A National Audit Office report on a “national health emergency” linked to the poisonings in Egypt and North Korea did itself no favours with this story.

Controversially headlined “NO VACCINE, AND WAITING: Sick woman branded a ‘cure-all’ for zoonotic diseases after being sent to clinics in UK”, it came with the first big picture of Theresa May – just one example of how the FT’s headline “FAILURE TO DO WELL BY ITS OWN CHILDREN” might be apt, if not sympathetic.

Guardian – failure to do well by its own children: “All their life the two children fought hard, over everything. At school, at home, in the playground… ”

Here’s the Guardian’s story, but read the comments underneath – and the photos – to see the really scary stuff.

The Mail’s most highly read comments came from the man who shared this photo of himself on a plane on his way to the US.

The Mail – “Coronavirus panic” (by )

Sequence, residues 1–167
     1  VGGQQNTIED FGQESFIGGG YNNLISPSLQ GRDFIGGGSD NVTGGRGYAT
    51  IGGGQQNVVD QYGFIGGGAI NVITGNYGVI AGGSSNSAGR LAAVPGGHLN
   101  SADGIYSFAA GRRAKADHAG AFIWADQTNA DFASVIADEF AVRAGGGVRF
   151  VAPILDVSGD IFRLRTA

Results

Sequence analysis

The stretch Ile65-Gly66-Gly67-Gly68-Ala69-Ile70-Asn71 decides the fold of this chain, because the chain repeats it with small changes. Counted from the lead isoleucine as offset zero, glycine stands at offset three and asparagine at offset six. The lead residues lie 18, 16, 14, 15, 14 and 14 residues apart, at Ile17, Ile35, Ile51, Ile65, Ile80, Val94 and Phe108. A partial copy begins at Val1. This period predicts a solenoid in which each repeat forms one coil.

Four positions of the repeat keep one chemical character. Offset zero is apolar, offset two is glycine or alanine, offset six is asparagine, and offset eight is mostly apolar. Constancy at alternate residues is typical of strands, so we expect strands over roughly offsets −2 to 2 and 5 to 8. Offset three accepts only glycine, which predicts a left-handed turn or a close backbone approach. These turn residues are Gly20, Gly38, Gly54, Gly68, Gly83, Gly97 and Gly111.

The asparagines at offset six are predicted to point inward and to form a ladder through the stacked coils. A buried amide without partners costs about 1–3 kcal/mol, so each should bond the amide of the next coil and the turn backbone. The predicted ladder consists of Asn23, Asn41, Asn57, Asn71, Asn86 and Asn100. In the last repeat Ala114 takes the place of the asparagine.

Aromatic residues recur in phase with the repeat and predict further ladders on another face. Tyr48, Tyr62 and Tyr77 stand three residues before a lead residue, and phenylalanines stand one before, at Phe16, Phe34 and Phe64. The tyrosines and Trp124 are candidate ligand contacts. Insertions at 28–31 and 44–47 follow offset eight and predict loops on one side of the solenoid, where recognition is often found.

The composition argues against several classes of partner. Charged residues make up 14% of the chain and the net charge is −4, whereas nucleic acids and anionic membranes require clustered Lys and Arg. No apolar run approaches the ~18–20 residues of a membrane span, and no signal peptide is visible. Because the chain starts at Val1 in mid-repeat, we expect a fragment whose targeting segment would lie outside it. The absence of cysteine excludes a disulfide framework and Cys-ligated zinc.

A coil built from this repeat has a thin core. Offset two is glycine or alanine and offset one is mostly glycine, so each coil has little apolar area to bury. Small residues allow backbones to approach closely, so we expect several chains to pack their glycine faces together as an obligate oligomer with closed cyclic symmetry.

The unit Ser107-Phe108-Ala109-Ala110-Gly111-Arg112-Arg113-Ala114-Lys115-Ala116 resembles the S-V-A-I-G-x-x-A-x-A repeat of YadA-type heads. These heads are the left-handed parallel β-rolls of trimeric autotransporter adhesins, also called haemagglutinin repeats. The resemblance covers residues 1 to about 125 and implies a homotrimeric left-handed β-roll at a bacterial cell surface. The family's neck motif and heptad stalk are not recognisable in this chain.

UK student, Una Walsh, in hospital with Crimean-Congo haemorrhagic fever, case ‘very rare’ pic.twitter.com/Ah3qrQCXRq — Daily Mail Femail () February 13, 2020

Shorter: The Mail knew “Victim is treated with intravenous antibiotics without her doctor’s approval” and published an article on it.

The Mail knows this (top photo by )

But?

Did the Mail know about this?

It reports it’s doesn’t know, its calls the Medical Director about the story. But:

Has the Mail heard that a coroner ruled the victim was transferred to an NHS hospital just 48 hours after she was diagnosed? The Mail is aware of this.

The Mail’s story runs about 100 words for each “did we know about?” sentence, which as I’m sure the Twitter inbox will tell you are more form than substance. But it’s worth reading to catch the Mail’s line that it did know about everything, and to judge whether their claim of informing the Medical Director about the “medical malpractice” by the British ambassador is true or just twaddle.